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I wan't to add a subclass of UIViewController to a NSMutableDictionary which should be no problem since UIViewController is a NSObject.

This is my code:

NSArray *requestingPathes = [[NSArray alloc] initWithObjects:indexPath, nil];
requestingPair = [[NSMutableDictionary alloc] initWithObjectsAndKeys:requestingPathes, dele, nil];

The app crashes when the delegate "dele" (which happens to be the mentioned subclass) is used to initialize the Dictionary "requestingPair".

The error is:

-[MainViewController copyWithZone:]: unrecognized selector sent to instance 0x7446b30
*** Terminating app due to uncaught exception 'NSInvalidArgumentException', reason: '-[MainViewController copyWithZone:]: unrecognized selector sent to instance 0x7446b30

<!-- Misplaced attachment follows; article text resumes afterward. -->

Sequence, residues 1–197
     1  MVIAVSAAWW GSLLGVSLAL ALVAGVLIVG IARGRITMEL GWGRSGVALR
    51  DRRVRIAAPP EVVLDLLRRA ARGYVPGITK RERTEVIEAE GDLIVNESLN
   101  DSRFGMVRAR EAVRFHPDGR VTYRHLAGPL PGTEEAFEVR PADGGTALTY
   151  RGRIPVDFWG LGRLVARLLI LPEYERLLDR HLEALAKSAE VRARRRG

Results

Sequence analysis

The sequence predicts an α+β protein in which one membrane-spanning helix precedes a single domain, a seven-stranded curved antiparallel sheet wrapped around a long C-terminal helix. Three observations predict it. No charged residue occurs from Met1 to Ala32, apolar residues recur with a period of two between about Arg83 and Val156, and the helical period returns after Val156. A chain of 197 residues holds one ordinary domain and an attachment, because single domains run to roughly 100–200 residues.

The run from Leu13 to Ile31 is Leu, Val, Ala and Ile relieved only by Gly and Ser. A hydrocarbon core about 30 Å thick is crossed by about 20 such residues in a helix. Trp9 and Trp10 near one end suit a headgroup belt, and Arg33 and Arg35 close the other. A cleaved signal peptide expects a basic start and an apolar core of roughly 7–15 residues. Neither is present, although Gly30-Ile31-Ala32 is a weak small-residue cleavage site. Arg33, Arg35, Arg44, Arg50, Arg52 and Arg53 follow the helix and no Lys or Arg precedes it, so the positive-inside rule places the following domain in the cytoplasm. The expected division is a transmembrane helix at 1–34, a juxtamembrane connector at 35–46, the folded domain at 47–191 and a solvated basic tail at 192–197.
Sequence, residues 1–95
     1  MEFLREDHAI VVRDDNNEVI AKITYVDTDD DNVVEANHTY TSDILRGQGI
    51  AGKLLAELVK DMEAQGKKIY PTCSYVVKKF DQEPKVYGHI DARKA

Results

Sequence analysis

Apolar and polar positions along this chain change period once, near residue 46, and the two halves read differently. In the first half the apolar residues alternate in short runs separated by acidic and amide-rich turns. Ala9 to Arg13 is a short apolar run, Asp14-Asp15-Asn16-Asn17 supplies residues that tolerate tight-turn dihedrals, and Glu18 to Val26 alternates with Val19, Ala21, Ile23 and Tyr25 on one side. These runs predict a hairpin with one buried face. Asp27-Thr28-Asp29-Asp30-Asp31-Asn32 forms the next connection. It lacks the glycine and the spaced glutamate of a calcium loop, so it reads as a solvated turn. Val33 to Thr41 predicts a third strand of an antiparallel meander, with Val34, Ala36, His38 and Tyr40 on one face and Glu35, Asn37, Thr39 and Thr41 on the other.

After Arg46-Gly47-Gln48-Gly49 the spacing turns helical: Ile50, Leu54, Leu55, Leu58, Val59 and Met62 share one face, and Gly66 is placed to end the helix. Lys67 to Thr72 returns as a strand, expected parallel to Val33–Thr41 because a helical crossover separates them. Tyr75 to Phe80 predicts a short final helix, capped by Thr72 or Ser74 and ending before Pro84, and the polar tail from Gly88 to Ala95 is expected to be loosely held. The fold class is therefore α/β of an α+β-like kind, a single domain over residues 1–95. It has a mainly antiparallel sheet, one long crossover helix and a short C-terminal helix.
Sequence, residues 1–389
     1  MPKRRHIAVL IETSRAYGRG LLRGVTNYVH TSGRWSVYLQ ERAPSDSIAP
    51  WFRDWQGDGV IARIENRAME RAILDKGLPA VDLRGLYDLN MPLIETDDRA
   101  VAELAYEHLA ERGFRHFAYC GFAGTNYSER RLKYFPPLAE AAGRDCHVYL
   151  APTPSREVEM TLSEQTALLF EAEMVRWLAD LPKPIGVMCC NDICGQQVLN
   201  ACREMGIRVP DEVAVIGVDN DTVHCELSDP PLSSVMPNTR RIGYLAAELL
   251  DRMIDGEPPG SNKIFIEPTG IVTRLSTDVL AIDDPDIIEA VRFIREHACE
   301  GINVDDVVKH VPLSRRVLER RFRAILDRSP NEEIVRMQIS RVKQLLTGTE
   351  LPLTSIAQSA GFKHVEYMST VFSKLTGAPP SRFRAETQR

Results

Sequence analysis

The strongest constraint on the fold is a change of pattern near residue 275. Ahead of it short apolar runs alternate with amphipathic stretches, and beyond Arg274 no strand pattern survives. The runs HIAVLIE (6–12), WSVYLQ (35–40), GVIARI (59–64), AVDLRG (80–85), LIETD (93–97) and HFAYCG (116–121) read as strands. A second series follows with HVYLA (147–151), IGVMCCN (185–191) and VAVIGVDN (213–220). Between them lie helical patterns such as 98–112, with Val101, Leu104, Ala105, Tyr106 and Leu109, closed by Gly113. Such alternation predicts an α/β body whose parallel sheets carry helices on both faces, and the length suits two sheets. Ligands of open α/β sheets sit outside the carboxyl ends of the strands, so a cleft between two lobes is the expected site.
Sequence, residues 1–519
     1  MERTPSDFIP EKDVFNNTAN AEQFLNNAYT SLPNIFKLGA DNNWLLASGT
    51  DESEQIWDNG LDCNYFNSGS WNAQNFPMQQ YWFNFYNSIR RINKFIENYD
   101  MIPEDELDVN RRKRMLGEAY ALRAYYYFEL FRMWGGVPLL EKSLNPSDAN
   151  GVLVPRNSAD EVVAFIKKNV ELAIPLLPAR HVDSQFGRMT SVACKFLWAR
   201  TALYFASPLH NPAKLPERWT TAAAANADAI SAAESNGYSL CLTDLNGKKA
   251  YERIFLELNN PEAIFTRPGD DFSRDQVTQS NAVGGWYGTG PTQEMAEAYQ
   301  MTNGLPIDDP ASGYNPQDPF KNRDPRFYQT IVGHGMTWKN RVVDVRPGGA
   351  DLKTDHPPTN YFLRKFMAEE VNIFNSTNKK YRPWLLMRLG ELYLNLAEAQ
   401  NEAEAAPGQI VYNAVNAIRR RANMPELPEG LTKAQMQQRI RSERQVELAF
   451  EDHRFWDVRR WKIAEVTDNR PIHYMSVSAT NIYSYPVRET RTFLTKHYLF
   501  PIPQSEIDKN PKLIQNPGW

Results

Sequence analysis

0x7446b30 is the address of the subclass "MainViewController.

Why is this happening?

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2 Answers 2

up vote 4 down vote accepted

-initWithObjectsAndKeys: expects a list of objects and keys, in that order—alternating object, key, object, key, nil. What you’re doing is trying to give it your dele object as a key from which the value requestingPathes can be retrieved; NSDictionary objects copy their keys when you set them, and your view controller doesn’t support being copied, so that’s failing. Presumably what you want to do is something more like this:

requestingPair = [[NSMutableDictionary alloc] initWithObjectsAndKeys:requestingPathes, @"paths", dele, @"delegate", nil];

You can then retrieve the delegate object by calling [requestingPair objectForKey:@"delegate"] and the paths with [requestPair objectForKey:@"paths"].

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1  
The delegate must be they key. There is a list of delegates each associated with an Array of indexPathes. I didn't know the key is copied. So I store the address of the delegate as NSNumber. –  Alexander Feb 3 '12 at 8:44

Your dictionary key must conform to the NSCopying protocol, which UIViewController (and your MainViewController) doesn't.

Do you want dele to be the key or the value? It's currently the key.

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